You know that I am a “word” person. It shouldn’t surprise anyone that the verbs of my shepherd in Psalm 23 are precious to me. God MAKES me to lie down, LEADS me to quietness, RESTORES my soul, GUIDES me in paths of righteousness, COMFORTS me in dark places, PREPARES a table before me even in the presence of my enemies, ANOINTS my head with oil. Yes, I am LED by the shepherd and FOLLOWED by goodness and mercy. These verbs are not only the promises and testimonies and heart-songs of David and not only mine that I claim, but be assured that they are yours as well.

The LORD is David’s shepherd. The LORD is my shepherd. The LORD is your shepherd. We are part of a wonderful flock. How sweet it is to hear the voice of our shepherd. How powerful it is to testify to his care for us and presence with us. Just as David’s words are to us, so might our words be for others.

Wednesday, July 18, 2018

"7-17-18 ... Along My Way"

He was walking along my way today…walking too far in the street. He stopped and I swerved. He bent down to adjust his well-worn, fur-lined snow boots. 96F temps and he was wearing snow boots. I reminded myself that the man laughs and cries and hopes and fears just as I do. So I prayed for all who wear their possessions each day. O God, keep him safe.

He was walking along my way today… walking with a cane and struggling in his steps. The elderly man was wearing a pale green polyester leisure suit (when have I seen such a suit as that?). He stepped off the curb and almost fell back as a car drove by him. He shook his cane and shouted at the car. I reminded myself that the man laughs and cries and hopes and fears just as I do. So I prayed for all who walk alone when they shouldn’t be. O God, keep him safe.

He was walking along my way today… head down, staggering, holding tight to a half-empty liquor bottle. His opened shirt caught a breeze and flew into his face. It wasn’t easy for him to stagger and hold onto a bottle and struggle to keep his shirt out of his face. I reminded myself that the man laughs and cries and hopes and fears just as I do. So I prayed for all who stagger through life, in whatever way, for whatever reason. O God, keep him safe.

Yes, all three have laughed and cried and hoped and feared just as I have …. and all three are loved by God, just as I am. Thank you, O God, for such reminders (and oh, please keep them safe).

Sunday, July 15, 2018

"Thoughts As We Welcome Our New Pastor .. Dr. Mary John Dye'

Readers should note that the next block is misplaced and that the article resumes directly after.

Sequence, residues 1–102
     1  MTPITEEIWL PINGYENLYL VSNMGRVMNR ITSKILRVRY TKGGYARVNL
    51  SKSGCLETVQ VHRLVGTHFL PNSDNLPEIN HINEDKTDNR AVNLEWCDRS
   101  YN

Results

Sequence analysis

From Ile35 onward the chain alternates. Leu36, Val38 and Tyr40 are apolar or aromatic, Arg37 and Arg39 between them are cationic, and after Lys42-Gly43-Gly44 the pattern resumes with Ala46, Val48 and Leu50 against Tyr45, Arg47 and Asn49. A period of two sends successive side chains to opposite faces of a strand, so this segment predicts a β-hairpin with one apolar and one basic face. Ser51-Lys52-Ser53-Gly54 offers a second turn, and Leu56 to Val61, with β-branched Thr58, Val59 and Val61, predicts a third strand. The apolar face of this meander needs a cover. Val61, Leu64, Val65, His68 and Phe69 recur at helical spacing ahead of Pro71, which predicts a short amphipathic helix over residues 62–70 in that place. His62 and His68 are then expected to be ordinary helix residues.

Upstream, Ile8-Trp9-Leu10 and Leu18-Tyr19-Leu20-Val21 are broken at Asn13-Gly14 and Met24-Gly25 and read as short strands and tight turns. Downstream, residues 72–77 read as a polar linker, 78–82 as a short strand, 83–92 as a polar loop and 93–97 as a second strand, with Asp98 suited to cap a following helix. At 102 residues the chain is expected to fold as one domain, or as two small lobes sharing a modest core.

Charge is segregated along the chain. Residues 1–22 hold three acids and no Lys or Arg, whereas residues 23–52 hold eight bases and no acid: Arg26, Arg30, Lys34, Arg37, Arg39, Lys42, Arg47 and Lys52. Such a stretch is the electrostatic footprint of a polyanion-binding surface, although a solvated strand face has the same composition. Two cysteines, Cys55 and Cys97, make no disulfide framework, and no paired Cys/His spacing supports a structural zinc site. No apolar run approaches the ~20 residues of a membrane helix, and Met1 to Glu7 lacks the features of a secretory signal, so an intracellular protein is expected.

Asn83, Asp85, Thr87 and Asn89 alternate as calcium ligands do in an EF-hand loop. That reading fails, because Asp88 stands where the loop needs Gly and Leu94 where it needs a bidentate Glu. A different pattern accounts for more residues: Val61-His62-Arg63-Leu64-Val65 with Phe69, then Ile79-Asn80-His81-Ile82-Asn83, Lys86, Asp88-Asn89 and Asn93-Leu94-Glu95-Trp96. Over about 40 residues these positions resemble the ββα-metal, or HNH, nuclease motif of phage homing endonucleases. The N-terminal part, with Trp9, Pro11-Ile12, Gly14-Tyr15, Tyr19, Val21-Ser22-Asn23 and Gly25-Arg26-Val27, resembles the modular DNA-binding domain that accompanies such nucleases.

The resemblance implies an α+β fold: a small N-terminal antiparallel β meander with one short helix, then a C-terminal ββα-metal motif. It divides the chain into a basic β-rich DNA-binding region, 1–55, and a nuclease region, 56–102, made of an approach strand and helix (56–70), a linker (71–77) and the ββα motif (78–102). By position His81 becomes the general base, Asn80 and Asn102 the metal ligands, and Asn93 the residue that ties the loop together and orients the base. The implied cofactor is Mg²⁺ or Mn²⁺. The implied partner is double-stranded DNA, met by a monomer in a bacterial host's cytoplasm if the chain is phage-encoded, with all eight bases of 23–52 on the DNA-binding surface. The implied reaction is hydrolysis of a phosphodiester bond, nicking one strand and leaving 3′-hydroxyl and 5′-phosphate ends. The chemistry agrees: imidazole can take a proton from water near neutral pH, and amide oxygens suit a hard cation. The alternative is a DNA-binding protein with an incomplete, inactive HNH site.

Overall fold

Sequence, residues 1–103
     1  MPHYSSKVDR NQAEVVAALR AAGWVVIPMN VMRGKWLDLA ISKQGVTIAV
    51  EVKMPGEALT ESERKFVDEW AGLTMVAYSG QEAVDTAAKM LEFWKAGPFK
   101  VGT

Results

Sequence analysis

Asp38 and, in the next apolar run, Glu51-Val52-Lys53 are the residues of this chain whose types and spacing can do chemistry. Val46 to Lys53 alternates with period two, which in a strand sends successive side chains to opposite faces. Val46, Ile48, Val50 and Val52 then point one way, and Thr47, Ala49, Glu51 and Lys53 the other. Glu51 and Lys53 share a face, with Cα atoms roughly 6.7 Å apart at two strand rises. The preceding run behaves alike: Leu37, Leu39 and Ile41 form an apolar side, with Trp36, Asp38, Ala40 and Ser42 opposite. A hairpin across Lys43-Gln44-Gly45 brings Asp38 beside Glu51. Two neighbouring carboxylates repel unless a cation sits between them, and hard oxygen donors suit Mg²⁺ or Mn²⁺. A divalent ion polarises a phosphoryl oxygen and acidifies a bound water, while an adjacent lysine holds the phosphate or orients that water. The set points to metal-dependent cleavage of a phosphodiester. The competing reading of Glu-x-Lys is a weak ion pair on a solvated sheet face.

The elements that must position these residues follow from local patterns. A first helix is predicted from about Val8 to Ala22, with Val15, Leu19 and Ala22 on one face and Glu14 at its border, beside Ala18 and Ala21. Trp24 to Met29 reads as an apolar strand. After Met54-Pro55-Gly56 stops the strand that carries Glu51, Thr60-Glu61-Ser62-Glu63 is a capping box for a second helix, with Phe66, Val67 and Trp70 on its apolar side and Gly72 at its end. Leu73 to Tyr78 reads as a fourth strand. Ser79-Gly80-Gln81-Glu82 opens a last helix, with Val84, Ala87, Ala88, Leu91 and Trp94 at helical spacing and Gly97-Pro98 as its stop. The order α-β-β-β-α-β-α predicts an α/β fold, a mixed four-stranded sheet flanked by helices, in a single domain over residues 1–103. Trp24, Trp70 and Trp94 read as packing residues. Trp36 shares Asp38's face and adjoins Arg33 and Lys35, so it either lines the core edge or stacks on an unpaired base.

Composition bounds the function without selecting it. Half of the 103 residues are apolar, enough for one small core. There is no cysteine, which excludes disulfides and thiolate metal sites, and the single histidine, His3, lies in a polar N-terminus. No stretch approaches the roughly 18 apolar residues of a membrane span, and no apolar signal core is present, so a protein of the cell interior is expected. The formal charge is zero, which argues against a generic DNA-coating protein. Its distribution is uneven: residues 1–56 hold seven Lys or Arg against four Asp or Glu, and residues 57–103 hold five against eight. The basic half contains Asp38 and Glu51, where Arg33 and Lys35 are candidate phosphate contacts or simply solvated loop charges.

(Ephesians 4:11-16)

When I was a very young child (soooo long ago) there was always a “buzz” in the sanctuary of Broad Street UMC/Statesville, NC whenever our missionary to Hong Kong, the Rev. Lonnie Turnipseed, would come back to the States and worship with us. I would hear those around me whisper, “Lonnie Turnipseed is here!” Oh, I was too young to completely understand the work of a missionary, but I knew that it was God’s work. So, when he worshiped with us, I would search the sanctuary, hoping to catch a glimpse of “the missionary” ... the one who had created such a "buzz"!

About 8 years ago, after the worship service was over and most of the people had left, I heard the words "Lonnie Turnipseed is here!" I felt very much like a child in the sanctuary again. I looked around, hoping to see this person of my childhood. I saw him! He spoke to me for a few minutes and tolerated me telling of my childhood memories of his visits to our church.

It was then when I REALLY looked at this man and saw that there was no aura surrounding him or halo above him. I heard no angelic voices singing in the background. He was an ordinary man called to do God's work. I was looking into the face of Lonnie Turnipseed, but also seeing you and me and our pastors... ordinary people called to do God's work.

Wouldn't it be wonderful to hear a "buzz" in the sanctuary when it begins to fill for worship each Sunday? "Look, look around at all who are here. HE is called to do God's work! SHE is called to do God's work! Just look!"

Today will be such a day. Today I might feel like that child in the sanctuary again. There will most certainly be that “buzz” flowing through the sanctuary as we welcome our new Sr. Pastor, Dr. Mary John Dye, to Broad Street UMC in Statesville, NC. We celebrate all that God has called her to be as pastor and preacher and pointer-of-the-Way. We pray that the buzz that is flowing throughout our church tomorrow and into the community in days to come is not because of Dr. Dye’s presence alone but because of this wonderful partnership of pastors and staff and parishioners, living into who God has called us each to be.

Now THAT is buzz-worthy for sure!